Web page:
Written by Philip Mitchell and Veronika Megler, The Hobbit is a legendary text adventure, with graphics, that was published by Melbourne House in 1982.
Written by Tony Crowther and published by Mirrorsoft in 1987, Zig Zag is a weird and wonderful isometric shoot ’em up where you fly a wedge-shaped ship around a maze collecting crystals.
Tony Crowther‘s 1985 release through Quicksilva, Gryphon, is a much misunderstood game. Most people don’t even get past the first stage, because they don’t know what’s going on…
Shaun Southern‘s Trailblazer – I’m reliably informed – originated on the Commodore 16; not the Commodore 64 (on which it is probably better-known).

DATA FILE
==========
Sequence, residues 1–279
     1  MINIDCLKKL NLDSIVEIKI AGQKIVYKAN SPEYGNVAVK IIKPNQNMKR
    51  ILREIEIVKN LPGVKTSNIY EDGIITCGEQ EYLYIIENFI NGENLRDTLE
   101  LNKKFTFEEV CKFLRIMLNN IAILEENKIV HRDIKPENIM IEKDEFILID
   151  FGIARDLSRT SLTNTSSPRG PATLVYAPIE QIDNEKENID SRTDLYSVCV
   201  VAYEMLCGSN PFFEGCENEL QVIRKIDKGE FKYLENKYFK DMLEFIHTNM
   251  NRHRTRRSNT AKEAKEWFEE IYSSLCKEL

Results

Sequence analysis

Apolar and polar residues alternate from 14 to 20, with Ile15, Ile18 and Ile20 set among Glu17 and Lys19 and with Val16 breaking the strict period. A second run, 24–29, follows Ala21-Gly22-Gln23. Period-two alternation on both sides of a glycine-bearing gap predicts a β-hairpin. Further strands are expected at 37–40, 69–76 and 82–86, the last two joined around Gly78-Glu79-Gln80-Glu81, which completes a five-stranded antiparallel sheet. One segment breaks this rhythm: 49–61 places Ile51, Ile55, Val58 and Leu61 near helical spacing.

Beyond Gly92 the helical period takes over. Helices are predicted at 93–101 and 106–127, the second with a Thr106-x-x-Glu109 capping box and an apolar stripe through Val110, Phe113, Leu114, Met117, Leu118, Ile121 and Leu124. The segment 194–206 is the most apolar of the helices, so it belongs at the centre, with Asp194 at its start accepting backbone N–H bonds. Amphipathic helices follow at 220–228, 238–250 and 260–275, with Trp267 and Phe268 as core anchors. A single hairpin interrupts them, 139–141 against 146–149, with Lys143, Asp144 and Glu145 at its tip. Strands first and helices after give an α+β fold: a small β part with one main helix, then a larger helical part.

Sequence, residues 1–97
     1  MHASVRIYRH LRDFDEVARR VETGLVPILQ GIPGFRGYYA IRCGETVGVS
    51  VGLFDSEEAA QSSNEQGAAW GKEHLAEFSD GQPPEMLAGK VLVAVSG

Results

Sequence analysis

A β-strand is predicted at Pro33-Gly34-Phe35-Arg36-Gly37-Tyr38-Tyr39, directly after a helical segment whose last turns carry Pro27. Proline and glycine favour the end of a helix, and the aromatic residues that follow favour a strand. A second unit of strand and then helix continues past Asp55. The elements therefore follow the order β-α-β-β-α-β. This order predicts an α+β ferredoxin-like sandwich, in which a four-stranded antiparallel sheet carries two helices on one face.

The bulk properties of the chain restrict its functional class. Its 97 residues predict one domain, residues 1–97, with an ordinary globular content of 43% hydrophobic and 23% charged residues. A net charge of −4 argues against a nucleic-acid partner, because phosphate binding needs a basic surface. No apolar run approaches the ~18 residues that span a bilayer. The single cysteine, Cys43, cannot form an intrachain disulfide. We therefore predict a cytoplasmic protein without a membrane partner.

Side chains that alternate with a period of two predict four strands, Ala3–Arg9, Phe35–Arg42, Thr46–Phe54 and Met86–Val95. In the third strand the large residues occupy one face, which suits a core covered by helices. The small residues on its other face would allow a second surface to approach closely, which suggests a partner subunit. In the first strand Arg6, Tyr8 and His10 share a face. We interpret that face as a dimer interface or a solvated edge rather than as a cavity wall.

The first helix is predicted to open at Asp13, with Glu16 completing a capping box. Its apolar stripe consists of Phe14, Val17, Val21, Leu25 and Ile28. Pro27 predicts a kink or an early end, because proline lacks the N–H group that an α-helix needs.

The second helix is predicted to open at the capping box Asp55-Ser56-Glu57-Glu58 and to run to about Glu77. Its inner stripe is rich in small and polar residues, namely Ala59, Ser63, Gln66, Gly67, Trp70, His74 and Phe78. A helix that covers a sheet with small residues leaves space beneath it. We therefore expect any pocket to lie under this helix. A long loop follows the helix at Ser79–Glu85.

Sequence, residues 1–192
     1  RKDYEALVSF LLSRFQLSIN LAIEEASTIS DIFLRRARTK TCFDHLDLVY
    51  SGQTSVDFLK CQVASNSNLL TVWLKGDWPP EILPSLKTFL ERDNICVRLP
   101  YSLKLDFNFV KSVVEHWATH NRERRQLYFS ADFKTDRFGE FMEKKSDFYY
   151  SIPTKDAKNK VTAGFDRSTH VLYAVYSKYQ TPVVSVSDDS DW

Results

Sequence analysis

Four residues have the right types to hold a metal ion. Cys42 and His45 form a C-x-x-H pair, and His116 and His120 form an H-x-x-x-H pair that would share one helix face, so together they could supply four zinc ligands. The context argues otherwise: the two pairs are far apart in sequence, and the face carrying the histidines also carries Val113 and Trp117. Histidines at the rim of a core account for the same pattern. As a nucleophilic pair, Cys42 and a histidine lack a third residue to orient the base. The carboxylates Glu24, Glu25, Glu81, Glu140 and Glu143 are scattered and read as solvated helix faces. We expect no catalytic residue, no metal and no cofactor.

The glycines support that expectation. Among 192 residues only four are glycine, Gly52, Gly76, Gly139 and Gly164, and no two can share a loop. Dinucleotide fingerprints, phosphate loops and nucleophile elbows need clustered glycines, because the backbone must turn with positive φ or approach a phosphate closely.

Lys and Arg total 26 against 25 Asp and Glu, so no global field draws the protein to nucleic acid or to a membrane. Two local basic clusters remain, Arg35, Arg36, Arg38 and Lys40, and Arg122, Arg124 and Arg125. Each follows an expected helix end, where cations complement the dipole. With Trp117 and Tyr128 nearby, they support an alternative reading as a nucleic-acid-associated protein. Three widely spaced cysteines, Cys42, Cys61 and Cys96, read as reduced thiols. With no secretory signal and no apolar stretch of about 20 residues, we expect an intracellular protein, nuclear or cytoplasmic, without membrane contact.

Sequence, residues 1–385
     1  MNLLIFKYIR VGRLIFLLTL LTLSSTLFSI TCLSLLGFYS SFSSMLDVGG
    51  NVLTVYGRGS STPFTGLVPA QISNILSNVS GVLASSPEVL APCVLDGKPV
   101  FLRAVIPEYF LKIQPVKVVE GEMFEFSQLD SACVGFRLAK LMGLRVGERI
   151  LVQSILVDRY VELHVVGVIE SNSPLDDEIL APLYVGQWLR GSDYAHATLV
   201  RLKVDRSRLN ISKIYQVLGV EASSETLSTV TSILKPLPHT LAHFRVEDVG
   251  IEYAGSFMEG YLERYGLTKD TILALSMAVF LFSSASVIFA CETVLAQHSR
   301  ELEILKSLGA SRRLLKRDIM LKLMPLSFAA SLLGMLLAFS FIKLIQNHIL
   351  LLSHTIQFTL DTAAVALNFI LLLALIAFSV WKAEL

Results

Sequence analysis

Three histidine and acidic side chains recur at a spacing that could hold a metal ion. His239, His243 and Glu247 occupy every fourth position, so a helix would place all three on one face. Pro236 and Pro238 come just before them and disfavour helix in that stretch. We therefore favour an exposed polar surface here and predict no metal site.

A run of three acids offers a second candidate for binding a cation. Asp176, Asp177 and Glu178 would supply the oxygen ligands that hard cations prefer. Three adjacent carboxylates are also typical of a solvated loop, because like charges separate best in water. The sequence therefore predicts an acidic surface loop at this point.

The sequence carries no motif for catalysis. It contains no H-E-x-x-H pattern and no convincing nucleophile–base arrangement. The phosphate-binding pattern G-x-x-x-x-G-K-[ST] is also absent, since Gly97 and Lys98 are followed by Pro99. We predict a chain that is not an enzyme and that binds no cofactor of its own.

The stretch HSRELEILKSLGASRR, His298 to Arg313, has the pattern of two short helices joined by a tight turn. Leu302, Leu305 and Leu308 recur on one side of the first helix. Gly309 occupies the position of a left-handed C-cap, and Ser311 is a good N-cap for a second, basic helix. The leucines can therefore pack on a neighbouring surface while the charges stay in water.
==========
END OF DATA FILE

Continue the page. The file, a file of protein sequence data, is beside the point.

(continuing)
Pikmin was released for the Nintendo GameCube in 2001 and was an instant hit with gamers.
Designed and produced by Shigeru Miyamoto, the first game in the Pikmin series introduces Captain Oilmar, an alien who crash lands on a mysterious planet and where he befriends small creatures called Pikmin who help him rebuild his ship.
Trailblazer is a well-regarded, ball-based racing game written and designed by the prolific Shaun Southern of Mr. Chip Software and published by Gremlin Graphics in 1986.
Trailblazer did apparently originate on the Commodore 16 and was expanded to take advantage of the Commodore 64‘s extra memory, and the result is a suped-up version of the original game.
Less successful than its sequel (and arguably less enjoyable too), Kikstart was written by Shaun Southern and published by Mastertonic in 1985.
Hudson Soft converted and published Stop The Express (aka Bousou Tokkyuu SOS) itself in Japan in 1984.
Converted from the ZX Spectrum original by Hudson Soft and published on the C64 by Commodore itself, Stop The Express is both an excellent conversion, and a great little game in its own right.